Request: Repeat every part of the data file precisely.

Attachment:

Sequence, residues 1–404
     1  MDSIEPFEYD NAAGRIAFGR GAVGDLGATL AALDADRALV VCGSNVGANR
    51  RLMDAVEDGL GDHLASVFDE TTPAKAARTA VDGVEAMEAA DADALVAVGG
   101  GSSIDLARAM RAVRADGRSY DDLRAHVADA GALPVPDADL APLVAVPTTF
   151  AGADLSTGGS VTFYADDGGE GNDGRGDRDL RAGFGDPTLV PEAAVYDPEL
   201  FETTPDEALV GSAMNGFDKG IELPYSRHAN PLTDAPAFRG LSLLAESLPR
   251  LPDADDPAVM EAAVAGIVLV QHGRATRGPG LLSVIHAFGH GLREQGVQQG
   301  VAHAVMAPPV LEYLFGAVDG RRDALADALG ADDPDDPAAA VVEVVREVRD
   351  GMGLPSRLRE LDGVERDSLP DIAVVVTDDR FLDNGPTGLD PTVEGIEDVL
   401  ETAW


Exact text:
Sequence, residues 1–404
     1  MDSIEPFEYD NAAGRIAFGR GAVGDLGATL AALDADRALV VCGSNVGANR
    51  RLMDAVEDGL GDHLASVFDE TTPAKAARTA VDGVEAMEAA DADALVAVGG
   101  GSSIDLARAM RAVRADGRSY DDLRAHVADA GALPVPDADL APLVAVPTTF
   151  AGADLSTGGS VTFYADDGGE GNDGRGDRDL RAGFGDPTLV PEAAVYDPEL
   201  FETTPDEALV GSAMNGFDKG IELPYSRHAN PLTDAPAFRG LSLLAESLPR
   251  LPDADDPAVM EAAVAGIVLV QHGRATRGPG LLSVIHAFGH GLREQGVQQG
   301  VAHAVMAPPV LEYLFGAVDG RRDALADALG ADDPDDPAAA VVEVVREVRD
   351  GMGLPSRLRE LDGVERDSLP DIAVVVTDDR FLDNGPTGLD PTVEGIEDVL
   401  ETAW